The Story Behind the Story: “Void”

Years ago, I lived in a big apartment complex in South Korea that had its own ATM machine. It was an old machine, and for whatever reason, it tended to be very temperamental—sometimes it’d be out of bills, sometimes it’d be unusually slow, and sometimes it just wouldn’t work at all. Oddly, it was almost humanlike in how it would have good days and bad days. Occasionally I’d find myself getting frustrated by its fickleness and defects, but I’d quickly realize how futile—an amusing—it was to be so aggravated by an inanimate thing.

Couple those ATM annoyances—minor as they might have been—with another issue that I think most people have dealt with at some point: the frustration of having to deal with an electronic voice or recording—often in a customer service situation—instead of conversing with a real person. I think there’s this pervasive line of thinking that computer programs offer a more streamlined experience for a frustrated customer and ultimately expedite any given transaction. But what will happen as computers become more personable? How might the automated customer service sector be impacted by computers that have personalities (…think of Siri’s snarkiness being only the beginning)?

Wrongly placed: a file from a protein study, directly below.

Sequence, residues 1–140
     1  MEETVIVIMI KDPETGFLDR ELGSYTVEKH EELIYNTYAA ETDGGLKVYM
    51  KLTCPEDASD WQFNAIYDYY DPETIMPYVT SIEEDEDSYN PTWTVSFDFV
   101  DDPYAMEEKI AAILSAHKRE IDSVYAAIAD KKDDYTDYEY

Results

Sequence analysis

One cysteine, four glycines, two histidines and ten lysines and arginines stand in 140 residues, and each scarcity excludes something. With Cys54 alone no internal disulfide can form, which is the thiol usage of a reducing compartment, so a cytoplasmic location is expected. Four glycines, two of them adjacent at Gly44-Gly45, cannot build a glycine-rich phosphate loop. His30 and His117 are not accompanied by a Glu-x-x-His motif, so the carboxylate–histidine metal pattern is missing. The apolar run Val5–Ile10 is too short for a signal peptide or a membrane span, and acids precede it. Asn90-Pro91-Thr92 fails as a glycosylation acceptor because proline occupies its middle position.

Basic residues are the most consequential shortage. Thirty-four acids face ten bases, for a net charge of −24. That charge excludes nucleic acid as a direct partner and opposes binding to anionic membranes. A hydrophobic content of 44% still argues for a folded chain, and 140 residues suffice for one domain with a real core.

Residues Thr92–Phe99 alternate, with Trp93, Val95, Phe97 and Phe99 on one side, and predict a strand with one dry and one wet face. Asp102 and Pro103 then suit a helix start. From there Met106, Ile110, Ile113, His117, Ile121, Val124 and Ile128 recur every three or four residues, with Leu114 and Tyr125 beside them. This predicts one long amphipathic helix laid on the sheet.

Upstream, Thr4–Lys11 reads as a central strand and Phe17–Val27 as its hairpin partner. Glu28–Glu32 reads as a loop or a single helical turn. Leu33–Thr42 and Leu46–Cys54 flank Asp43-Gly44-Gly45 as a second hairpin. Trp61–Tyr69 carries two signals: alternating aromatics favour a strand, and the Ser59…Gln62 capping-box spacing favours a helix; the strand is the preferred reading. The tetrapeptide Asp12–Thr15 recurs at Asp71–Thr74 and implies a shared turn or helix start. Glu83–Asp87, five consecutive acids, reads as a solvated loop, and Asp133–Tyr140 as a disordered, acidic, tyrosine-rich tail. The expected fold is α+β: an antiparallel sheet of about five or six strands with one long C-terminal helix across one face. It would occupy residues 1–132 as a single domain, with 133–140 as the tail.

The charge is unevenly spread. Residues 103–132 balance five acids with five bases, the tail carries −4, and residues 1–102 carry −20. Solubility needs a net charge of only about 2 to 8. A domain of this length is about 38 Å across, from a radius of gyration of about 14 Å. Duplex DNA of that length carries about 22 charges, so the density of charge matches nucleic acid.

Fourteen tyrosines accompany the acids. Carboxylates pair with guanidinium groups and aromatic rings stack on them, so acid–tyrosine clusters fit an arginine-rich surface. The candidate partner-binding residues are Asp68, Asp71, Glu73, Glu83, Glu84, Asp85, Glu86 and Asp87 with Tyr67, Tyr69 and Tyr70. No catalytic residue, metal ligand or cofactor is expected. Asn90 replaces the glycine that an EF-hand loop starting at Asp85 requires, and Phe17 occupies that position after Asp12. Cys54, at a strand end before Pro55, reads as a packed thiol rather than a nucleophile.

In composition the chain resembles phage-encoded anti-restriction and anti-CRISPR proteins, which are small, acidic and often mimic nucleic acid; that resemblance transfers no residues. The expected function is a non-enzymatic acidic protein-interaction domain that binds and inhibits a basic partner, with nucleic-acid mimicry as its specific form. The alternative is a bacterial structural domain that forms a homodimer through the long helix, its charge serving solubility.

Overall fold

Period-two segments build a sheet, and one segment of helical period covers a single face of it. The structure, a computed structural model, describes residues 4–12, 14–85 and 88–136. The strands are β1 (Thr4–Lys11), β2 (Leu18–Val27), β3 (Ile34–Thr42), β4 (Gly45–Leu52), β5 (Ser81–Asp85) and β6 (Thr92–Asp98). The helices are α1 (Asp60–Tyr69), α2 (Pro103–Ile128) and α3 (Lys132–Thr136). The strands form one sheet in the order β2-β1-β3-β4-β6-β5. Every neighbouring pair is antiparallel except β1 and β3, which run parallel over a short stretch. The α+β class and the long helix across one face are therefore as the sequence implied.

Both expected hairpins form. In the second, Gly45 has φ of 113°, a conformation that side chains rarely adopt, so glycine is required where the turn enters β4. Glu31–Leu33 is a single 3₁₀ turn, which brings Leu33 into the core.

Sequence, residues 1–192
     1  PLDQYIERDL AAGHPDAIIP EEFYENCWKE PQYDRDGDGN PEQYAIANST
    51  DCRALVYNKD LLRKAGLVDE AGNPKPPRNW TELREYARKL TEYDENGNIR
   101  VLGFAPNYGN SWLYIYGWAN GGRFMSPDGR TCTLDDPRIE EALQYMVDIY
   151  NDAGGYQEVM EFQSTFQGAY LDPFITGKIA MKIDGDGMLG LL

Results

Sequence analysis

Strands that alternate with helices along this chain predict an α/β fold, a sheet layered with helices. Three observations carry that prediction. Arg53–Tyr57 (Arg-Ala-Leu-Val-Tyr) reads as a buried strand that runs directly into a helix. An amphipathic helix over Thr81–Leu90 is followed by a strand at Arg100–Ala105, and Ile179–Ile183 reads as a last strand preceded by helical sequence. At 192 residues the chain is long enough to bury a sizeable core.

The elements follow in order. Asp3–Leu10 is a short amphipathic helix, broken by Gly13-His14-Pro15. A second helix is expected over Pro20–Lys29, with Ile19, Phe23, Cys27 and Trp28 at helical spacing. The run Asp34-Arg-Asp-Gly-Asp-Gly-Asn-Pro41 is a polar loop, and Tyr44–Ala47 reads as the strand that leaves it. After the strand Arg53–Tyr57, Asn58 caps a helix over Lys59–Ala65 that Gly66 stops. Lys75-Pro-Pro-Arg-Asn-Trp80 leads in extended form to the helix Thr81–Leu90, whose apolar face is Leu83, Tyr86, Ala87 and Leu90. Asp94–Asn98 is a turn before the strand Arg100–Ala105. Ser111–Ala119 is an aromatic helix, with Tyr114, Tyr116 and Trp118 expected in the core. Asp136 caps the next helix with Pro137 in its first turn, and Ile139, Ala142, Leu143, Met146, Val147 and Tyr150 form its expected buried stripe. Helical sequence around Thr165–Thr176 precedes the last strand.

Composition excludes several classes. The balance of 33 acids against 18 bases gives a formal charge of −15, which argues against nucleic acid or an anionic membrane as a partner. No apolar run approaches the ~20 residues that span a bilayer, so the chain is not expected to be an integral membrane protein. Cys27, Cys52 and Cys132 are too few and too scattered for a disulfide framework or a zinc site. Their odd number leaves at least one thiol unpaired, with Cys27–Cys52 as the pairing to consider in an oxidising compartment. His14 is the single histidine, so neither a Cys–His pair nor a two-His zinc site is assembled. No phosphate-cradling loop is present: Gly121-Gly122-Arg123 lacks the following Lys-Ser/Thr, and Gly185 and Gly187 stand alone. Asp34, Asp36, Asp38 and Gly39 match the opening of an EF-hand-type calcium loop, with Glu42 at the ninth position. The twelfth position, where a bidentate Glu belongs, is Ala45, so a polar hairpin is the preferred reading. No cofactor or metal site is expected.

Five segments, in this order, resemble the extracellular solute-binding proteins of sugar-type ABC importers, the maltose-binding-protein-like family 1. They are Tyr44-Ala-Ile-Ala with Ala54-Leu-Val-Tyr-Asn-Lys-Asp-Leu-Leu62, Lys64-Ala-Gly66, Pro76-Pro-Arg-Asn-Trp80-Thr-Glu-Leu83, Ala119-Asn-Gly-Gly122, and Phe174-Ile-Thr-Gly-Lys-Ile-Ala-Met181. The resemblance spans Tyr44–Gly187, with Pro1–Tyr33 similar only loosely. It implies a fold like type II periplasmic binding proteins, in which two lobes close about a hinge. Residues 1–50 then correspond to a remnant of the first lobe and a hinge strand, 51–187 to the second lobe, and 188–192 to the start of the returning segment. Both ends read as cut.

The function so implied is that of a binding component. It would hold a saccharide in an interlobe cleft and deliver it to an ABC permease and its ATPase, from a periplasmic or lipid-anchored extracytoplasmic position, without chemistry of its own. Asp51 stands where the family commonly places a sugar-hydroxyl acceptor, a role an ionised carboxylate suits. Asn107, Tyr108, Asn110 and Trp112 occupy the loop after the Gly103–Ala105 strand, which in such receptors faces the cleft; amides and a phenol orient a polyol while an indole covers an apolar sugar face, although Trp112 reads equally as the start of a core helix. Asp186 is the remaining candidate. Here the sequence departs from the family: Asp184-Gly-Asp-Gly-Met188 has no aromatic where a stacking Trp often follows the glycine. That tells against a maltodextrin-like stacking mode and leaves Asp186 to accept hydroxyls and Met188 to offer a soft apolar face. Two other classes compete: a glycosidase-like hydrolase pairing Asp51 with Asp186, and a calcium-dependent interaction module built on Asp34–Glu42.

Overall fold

Somewhere in between all that, the idea for this story emerged. It started with a vague idea of what I wanted to write about—a man (the narrator) conversing with an ATM. Those were to be the main characters. And that seemed simple enough for a premise, but then questions arose about the topic of the characters’ conversation and the tone of their discussion and how it would all ultimately be resolved.

I knew that I had to insert conflict somewhere near the beginning to set the whole story in motion. I came up with the idea of the narrator divulging his secret desire to have an affair with the neighbor because an affair was so blatantly an act that only a human could do; the ATM could only relate to such a situation factually and logically rather than emotionally. So, all this instantly put a fjord between the narrator and the ATM. Once that separation was established, it naturally created conflict and it was just fun to fill in the dialogue—one character speaking with such emotion and the other being overly logical.

I quickly realized that writing the narrator’s ongoing argument with the ATM felt much like writing an argument between a couple—say, a husband and wife, or a boyfriend and girlfriend. And since the story is founded on a theme of potential infidelity, I liked that. That’s when the story really started coming to life for me, amid that realization.

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John Burgman

About John Burgman

John Burgman is the author of a book, Why We Climb. His writing has appeared online or in print at Esquire, Portland Review, The Rumpus, and other outlets. Follow him on Twitter: @John_Burgman